As usual, I have mentioned a few but not all of our content, which remains tempting.

I hope all of you will continue to enhance our writing and publishing experience by patronising our site and reading us regularly. Please do share our posts with your friends and family. We continue a family-friendly journal.

Again, a huge thanks and warm congratulations to the Borderless team and to all our fabulous contributors. We value each one of your pieces. Thank you.

To all our readers, welcome to our world and thanks for being with us and inspiring us to aspire for more. We have readership from more than 130 countries across the world.

Looking forward to the next lap of our journey –

Mitali Chakravarty

Borderless, March, 2021

Borderless Journal is read in more than 130 countries across the world.
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Editorial

The Happiness Quotient

Happiness and humour! Is that an unrealistic goal to achieve in this life? Moving away from the contentiousness of fame, of argument, of who achieves how much more and how much faster, we might be able to uncover a world sheathed in happy smiles. Is it only the pandemic spreading gloom?

The fear of dying or suffering does create a shroud of gloom that often interrupts our social interactions. The unreasonableness of fear draws us away from reality. Hans Rosling, a Swedish physician who called himself a possibilist, says: “There’s no room for facts when our minds are occupied by fear.” Fear or depression is the opposite of humour and happiness. The ability to think clearly and laugh at situations leaves us when we are fearful. Fear also leads to depression and the feeling of being oppressed. Humour is perhaps the only antidote to laugh away our fears and depression, to combat darkness and bring back smiles, hope and happiness. We have laughter clubs. Laughter binds all its members in happiness. And that is why we try to host plenty of it in Borderless Journal.

Embedded in the musings, fiction and poetry sections, we have humour, pathos, poignancy and laughter. Rhys Hughes with his tongue-in-cheek poetry, musings by Will Neussle and a short flash fiction by Brindley Hallam Dennis make us laugh outright as do some of the wonderful pieces written by youngsters in ‘Sara’s Selections’ hosted by Bookosmia, thanks to Nidhi Mishra and Archana Mohan. Michael Burch has also given us humour, happiness and poignancy in his collection of poems in memory of his mother.

We have introduced a new column that creates bridges across the world with not just facts but compassion and comprehension of the suffering and bravery of mankind by a woman who has traversed through diverse cultures all her life, Sybil Pretious. In this episode of ‘Adventures of the Backpacking Granny’, she explores the impact of Perestroika while in St Petersburg (Russia). Devraj Singh Kalsi has also given us an unusual piece talking about the impact of Partition on the family structure within the subcontinent. These two musings, while resting on major political events that changed the world for many of us, reflect different perspectives and are handled in vastly different ways by both the writers.

Reflecting on binaries, is a story from the imagined township of Ghumi, a series that Nabanita Sengupta has been publishing with us for more than six months now. Sohana Manzoor has given us a poignant story with a surprise ending from Bangladesh on the theme of witch-hunting, previously reflected upon in one of Aruna Chakravarti’s translations of Tarashankar’s famous story, ‘Daini’ (The Witch). Sunil Sharma has given us another interesting cross-cultural narrative based on his interpretation of Don Quixote and has also provided us a poem. We have a lovely collection of poetry this time, thanks to Michael Burch, who has helped with the editing and selection of poems. Vatsala Radhakeesoon has shared both her painting and a poem based on the painting with us – both vibrant and unusual works.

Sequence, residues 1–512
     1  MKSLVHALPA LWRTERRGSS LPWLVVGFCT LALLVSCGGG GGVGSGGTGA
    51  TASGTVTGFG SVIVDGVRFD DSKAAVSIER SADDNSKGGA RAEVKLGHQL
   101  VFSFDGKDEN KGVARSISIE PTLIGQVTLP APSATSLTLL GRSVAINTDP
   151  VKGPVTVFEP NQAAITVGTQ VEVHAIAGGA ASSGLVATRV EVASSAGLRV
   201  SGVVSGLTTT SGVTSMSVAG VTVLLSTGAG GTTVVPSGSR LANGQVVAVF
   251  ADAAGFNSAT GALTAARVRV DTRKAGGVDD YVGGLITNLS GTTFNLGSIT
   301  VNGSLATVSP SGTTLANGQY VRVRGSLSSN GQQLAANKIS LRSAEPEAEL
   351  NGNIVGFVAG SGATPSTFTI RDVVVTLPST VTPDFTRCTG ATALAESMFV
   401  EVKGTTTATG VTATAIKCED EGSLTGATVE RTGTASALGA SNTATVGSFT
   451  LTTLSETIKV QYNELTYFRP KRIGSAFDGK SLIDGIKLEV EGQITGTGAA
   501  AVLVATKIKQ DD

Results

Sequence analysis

We have, for the first time a writer from Iran and translations from Persian to English by Davood Jalili of his works. A poem and an essay by Iranian poet Bijan Najdi give us a glimpse of their stories and perspectives. Jalili has also translated Devaki Jain’s interview to Persian to publish in the Arzhang, the online journal where the previously translated Aruna Chakravarti’s interview had found a home. We are very grateful to him for giving wider exposure to the content of Borderless as we are to Binu Mathews of Countercurrents for sharing our content in his popular site. Jalili with his translations to English brings in new perspectives into our fold as do Aditya Shankar with his translation from Malayalam poetry and Fazal Baloch with his translation of a Balochi folk tale.

The other major translation we have is that of a Nabendu Ghosh story by his late son, Dipankar Ghosh. ‘The Saviours’ had been translated previously by Bhashabi Fraser in a collection of Partition stories and was seen as representative of that era. However, as a literary paper from Universidad de Cádiz indicates, the story steps beyond the Partition to another relevant issue that continues to plague India — the divide created by wealth, caste and education, the absolute obtuseness of the affluent to the suffering of the less privileged, an issue that continues to shame as we reel from the pandemic.

There is an in-depth book review of a translation of Satyajit Ray’s grandfather, Upendrakishore Ray Chowdhury, by academic Nivedita Sen. Immortalised by the grandson in an award winning film, Goopy Gyne Bagha Byne, the story has been recently translated to English from Bengali and published under the title of The Adventures of Goopy the Singer and Bagha the Drummer.

An essay on translations by eminent journalist Ratnottama Sengupta, who has been bringing out works of Bengali writers in English and Hindi, explains the need for building these bridges across time and cultures. Candice Louisa Daquin’s essay on the Kali Project, which resulted in an anthology of poems on feminist issues in India initiated by an American concern, attempts to transcend borders as does the interview with Suzanne Kamata, an award-winning writer based out of Japan but born and brought up in the USA.